Wait Loss: Teaching Our Kids the Value of Waiting

By Dennis Demanett

In the womb or in gridlock, waiting is the essence of our being. So what’s the rush?

While sitting in gridlock the other day, I was struck by the irony of traffic going nowhere fast. All the people in their shiny cars, motionless, in their rush to be somewhere else. Highways force us to wait. Oh, we can pull out our cell phones and make calls we could have made if we were sitting in the office. But the truth is, when we are in gridlock traffic, we have to wait whether we like it or not.

Humans, you see, were made for waiting. It is in the very essence of our being.

Why not recognize this? Every phase of human development reflects a process of assimilating, internalizing and then bringing forth a new, transformed quality. The waiting period may be short – as short as a breath – or long – as long as the nine months from conception to birth. The key to finding health in human existence is probably not only recognizing when a waiting period needs to take place, but also when it is over. If we could experience in childhood this kind of balance in waiting, our adult lives might be just a little bit less hectic.

Our Hurried Life

The greatest monster of our time was born in the industrial revolution, if not before: the monster of hurry. Hurry became instant gratification sometime in the 1980s, I reckon. The need to wait ceased to be recognized by parents, because they did not want to wait anymore. I see it. I want it. I gotta have it. Presto! I got it. In one breath, if you please. The funny thing is, whether we believe it or not, waiting will rear its head in some form or another: gridlock, illness, weather, growth processes of the physical body.

Let’s focus for a moment on children. The human child, unlike any other creature on earth, has a wonderfully long time to grow into maturity. Think, first, of the newborn baby: Here is a wonder, worth waiting for, as all parents would agree. Once born, this tiny, helpless being must wait a year or so before he can stand up and walk. Yet our society has found ways to hurry this process along with walkers, swings and devices that artificially place the baby in upright positions.

Why do we do this? What’s the hurry? Have we stopped to think what might be lost for the child who does not get to crawl, to struggle with standing up? Struggling teaches every growing child something that “instant gratification” and “hurry” fail to instill. Struggling teaches perseverance, endurance, courage and awareness that, when faced with difficulty, it is possible to overcome the obstacle. The baby who stumbles, steps, lands splat on the ground again and again is, in fact, learning far more than how to walk.

As the child gets older, he will desire to have things, to experience things. And the parent wants this for the child, too. We all know we cannot give children everything they want. Yet, don’t we all forget and jump too quickly into the role of Instant Gratifier? Did we start this back in infancy when the child screamed? (Quick feed her! What’s the matter? Don’t cry – here have this, eat this, do this, oh, please, baby, be happy!”)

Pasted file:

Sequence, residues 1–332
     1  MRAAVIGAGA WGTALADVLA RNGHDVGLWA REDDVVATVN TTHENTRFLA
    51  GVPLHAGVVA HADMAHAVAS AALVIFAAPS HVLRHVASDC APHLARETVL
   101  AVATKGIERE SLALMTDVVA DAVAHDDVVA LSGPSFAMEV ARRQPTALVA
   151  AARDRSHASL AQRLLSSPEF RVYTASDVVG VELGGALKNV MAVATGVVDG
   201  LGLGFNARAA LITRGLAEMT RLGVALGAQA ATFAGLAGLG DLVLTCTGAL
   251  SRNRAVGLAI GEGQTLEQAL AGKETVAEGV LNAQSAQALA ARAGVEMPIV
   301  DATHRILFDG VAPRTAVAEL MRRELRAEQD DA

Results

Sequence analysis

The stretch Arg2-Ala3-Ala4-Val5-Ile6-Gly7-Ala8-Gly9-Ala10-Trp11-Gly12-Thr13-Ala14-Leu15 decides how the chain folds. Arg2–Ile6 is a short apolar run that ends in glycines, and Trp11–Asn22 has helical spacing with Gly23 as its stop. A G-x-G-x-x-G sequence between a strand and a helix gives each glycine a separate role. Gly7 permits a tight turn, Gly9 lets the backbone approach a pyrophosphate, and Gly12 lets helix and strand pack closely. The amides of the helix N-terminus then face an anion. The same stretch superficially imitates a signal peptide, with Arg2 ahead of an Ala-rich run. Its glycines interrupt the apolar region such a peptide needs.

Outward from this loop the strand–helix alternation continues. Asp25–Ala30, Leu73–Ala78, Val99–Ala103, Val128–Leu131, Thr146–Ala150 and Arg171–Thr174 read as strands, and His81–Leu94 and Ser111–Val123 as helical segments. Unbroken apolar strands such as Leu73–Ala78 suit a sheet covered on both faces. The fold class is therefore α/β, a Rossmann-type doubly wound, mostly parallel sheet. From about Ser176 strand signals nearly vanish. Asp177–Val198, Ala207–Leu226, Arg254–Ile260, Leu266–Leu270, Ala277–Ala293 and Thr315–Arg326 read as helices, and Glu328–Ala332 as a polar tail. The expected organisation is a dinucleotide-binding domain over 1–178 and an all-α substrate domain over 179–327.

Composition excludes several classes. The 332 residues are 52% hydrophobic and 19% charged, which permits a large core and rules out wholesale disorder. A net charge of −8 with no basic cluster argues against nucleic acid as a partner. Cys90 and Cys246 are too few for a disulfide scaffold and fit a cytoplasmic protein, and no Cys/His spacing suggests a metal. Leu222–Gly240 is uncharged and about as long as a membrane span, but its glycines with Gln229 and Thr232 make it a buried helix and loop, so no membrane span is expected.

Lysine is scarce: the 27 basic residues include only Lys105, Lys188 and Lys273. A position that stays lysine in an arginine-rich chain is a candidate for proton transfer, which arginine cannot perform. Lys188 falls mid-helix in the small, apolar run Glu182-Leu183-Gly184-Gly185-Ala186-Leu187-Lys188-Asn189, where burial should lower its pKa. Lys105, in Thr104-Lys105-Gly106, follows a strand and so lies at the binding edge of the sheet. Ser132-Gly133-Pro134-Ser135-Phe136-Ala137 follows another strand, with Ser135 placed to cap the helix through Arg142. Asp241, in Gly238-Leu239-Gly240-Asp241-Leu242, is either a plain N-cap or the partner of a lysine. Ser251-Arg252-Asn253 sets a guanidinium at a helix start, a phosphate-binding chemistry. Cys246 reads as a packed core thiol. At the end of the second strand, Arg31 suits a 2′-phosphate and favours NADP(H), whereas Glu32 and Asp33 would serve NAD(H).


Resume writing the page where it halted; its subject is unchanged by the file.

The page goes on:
Waiting Is Learning

Part of the waiting game is a crying game. The healthy child has to learn how to deal with disappointment. And that can mean waiting until he is older to stay up late, waiting until he can go to a movie. All this waiting actually helps the child relax. The waiting child becomes a secure child. Such a child begins to know that there are going to be wonderful moments in life, moments she has anticipated, dreamed of and then realized. Such a child will learn that there are also aspects of life that may not happen for a long time, if ever, and that, too, is just fine.

It is frightening to think of the number of bored young people in our country today who do not see the value of waiting. A child who hasn’t learned to wait, who has not enjoyed preparations for some event as much as the event itself, is a candidate for seeking types of stimulation that drugs and alcohol can provide. Waiting teaches regulation in the young human being. It teaches a sense of moderation, of the importance of doing what is healthy for the self.

As parents, we need to trust the waiting process as our children grow. Surely, when a 5-year-old jumps into the car behind the wheel, we are going to be wise enough not to let the child drive, even though he wants to! And when a 10-year-old wants to spike her hair, get a navel ring and meet her friends at the mall, we will have the courage and the sense to say, “No dear, that can wait.”

If we can give our children a strong sense of the importance of waiting, establishing it as a habit for life, then benefits of every kind will follow. If nothing else, imagine this child of yours stuck in gridlock and see her saying to herself, “Ahhh, a chance to wait. Just what I need! I can think about something important, because I know that waiting is a part of life, and I know how to do it.”

Dennis Demanett has taught in Waldorf schools for 27 years and is currently a sixth-grade teacher.